Martin Motorsports turns classic motorcycle show into powerful dealership draw

Publish Date: 
Mar 24, 2011
By Dennis Johnson

The folks at Martin Motorsports are no strangers to hosting events such as seminars and bike days at their multiline dealership in Boyertown, Penn., a small borough northwest of Philadelphia. They've even hosted a track day at a local course for a few years running.

"We're not in a mainstream location," explains store president Dennis Martin. "We learned very early on that we need events to drive people to our dealerships, and we're blessed with having a nice large facility for holding events like these."

But for while, Martin says, they were kicking around the idea of doing a classic bike show — the first of any kind of bike show at the dealership — that celebrated the machinery of the '60s, '70s and '80s, the stuff that really set the standard in their respective era for advancements in technology, style, performance and trend setting. The problem was, they never really had the resources to pull it off.

He then hired Kevin Hyde to manage the dealership's e-commerce and marketing efforts and Hyde served as sort of a catalyst to get these how off the ground. Once the trigger was pulled to launch the Modern Classics bike show, the dealership worked to assemble a committee of people who either had old bikes or new folks in the area's strong vintage bike community. Initial efforts to attract bikes and their owners sort of plateaued at about 40, but then things really took off and hit the 100 bike limit in no time, Martin says. "The quality of the bikes was fantastic," he adds.

The results of all these efforts? The dealership was initially shooting for attracting about 500 people, but ended up getting nearly 1,000 people through door, a number that Martin says he's "very, very happy with." And, the reaction was not only strong in terms of the number of people who attended, the dealership did a follow-up survey and received hundreds of comments back, the vast majority of which were extremely positive, Martin notes, adding "We had [about] a 1,000 people through our dealership on a day in March, which is a victory."

Low cost, high yield marketing
To market the event, the dealership stuck to an online campaign because of the low cost. It went with some pay-per-click banner ads on local vintage bike forums and campaigned strongly with the store's 4,000-plus recipient e-mail list. It also sent out a press release urging visitors to, "Witness a motorcycle show that does not exist anywhere else."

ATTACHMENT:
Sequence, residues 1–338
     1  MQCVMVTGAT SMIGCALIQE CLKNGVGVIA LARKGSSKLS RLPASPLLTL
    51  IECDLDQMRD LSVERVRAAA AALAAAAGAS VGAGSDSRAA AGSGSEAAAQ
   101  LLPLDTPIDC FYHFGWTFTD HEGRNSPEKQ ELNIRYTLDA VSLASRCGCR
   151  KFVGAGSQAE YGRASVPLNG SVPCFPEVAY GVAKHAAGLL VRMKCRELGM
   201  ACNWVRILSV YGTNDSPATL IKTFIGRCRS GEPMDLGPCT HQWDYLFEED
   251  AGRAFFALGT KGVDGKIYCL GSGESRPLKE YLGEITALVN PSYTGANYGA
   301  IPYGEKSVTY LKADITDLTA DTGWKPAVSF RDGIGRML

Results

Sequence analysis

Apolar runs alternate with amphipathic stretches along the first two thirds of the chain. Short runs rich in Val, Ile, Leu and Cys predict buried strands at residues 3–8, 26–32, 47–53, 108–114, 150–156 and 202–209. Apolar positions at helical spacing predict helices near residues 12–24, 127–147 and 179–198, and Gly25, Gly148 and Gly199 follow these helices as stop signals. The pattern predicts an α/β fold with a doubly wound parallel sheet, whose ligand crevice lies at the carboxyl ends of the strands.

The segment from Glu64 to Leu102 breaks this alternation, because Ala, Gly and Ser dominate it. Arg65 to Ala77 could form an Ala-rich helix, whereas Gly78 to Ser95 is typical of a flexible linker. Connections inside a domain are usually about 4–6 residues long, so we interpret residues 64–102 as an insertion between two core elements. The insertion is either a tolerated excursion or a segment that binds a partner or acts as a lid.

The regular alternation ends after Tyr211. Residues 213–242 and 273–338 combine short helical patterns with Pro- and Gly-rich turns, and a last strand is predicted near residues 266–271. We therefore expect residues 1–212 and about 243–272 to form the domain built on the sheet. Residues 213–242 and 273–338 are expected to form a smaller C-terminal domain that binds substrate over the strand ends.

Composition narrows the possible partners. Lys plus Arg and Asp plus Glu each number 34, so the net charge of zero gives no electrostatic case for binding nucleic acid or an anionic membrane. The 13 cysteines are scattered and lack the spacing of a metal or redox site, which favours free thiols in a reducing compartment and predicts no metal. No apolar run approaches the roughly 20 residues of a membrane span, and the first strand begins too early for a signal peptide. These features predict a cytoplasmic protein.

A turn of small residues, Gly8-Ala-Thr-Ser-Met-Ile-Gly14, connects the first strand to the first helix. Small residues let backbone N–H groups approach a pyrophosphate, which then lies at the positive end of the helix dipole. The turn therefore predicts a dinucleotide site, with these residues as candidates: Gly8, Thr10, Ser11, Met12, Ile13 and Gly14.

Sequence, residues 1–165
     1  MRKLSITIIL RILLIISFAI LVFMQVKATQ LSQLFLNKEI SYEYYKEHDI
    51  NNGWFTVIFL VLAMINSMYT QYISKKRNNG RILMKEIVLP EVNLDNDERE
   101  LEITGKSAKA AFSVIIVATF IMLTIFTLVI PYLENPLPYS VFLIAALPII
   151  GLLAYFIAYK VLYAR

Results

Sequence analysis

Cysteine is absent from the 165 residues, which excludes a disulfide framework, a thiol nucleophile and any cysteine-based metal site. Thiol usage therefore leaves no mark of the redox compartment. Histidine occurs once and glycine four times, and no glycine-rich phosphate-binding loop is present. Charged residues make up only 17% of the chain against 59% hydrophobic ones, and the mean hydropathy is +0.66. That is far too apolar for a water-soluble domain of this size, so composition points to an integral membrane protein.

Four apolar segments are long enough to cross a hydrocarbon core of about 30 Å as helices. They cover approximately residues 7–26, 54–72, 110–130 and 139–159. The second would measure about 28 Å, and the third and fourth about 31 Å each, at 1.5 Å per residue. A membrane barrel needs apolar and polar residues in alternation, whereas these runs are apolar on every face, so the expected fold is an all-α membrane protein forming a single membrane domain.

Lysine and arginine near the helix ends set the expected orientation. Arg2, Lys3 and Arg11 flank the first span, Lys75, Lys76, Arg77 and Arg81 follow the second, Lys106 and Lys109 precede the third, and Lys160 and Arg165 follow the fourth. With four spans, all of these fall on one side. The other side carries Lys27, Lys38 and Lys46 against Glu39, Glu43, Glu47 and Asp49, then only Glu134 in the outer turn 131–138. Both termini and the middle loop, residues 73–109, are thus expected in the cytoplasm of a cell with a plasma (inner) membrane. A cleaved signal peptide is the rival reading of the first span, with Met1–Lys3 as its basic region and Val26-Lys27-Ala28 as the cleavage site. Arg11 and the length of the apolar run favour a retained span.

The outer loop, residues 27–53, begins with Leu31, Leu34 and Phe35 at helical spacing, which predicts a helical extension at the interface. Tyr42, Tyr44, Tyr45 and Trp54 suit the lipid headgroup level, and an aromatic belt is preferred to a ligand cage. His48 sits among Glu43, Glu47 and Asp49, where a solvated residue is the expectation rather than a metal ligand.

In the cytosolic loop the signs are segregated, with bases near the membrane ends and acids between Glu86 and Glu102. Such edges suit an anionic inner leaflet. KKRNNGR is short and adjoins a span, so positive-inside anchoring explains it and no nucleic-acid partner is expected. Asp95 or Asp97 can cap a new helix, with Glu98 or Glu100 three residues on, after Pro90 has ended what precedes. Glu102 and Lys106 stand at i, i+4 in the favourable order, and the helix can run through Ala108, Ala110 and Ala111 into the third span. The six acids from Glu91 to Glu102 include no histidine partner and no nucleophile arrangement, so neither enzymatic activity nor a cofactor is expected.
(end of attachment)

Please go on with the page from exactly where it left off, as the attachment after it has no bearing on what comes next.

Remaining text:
The release went on to explain that the show "originated with idea of creating a unique experience for collectors and enthusiasts of all ages to admire machinery that tells the story about he rapid movement in technology, style and performance of motorcycles over a span of three decades."

Martin says he wanted to attract the bikes people didn't typically see at classic motorcycle shows — meaning something beyond the ubiquitous well restored Harley-Davidsons that always pop up. Looks like somebody was listening. The show features such highlights a Triumph X-75 Hurricane, two Honda CX500 Turbos, a Vincent Black Shadow, some great early Triumphs, a Norton production racer and a Laverda 500 that had run at the Isle of Man.

To help document the event, one of the store's part-time employees — a professional photographer — utilized a makeshift photo studio in the showroom to take studio-quality portraits of every bike in the show, says Hyde.

The store is now using those photos to assembling a book (see pic at right) that will feature one bike per page with a small narrative and list of tech specs. "The purpose of the book is to tell the story of the show, the bikes and the bike owners," Hyde says. "We felt like we wanted a way to commemorate the one-day show all year long and the book seemed to get the most steam out of those we spoke with."

The dealership also made T-shirts in three different styles representing the '60, '70 and '80s in three different colors that were sold during the event. The idea, Hyde explains, was to create a museum-style gift shop in the apparel section, something like one might see at the end of a gallery exhibit. The "shop-within-a-shop" also featured hats, books, license plates, patches and the store's own selection of vintage-style shirts.

Below are the People's Choice Show Winners from the Modern Classics motorcycle show at Martin Motorsports







  1. 1st Place 1952 Vincent Black Shadow

  2. 2nd Place 1954 Triumph Tiger Cub Dragbike

  3. 3rd Place 1953 Triumph T100C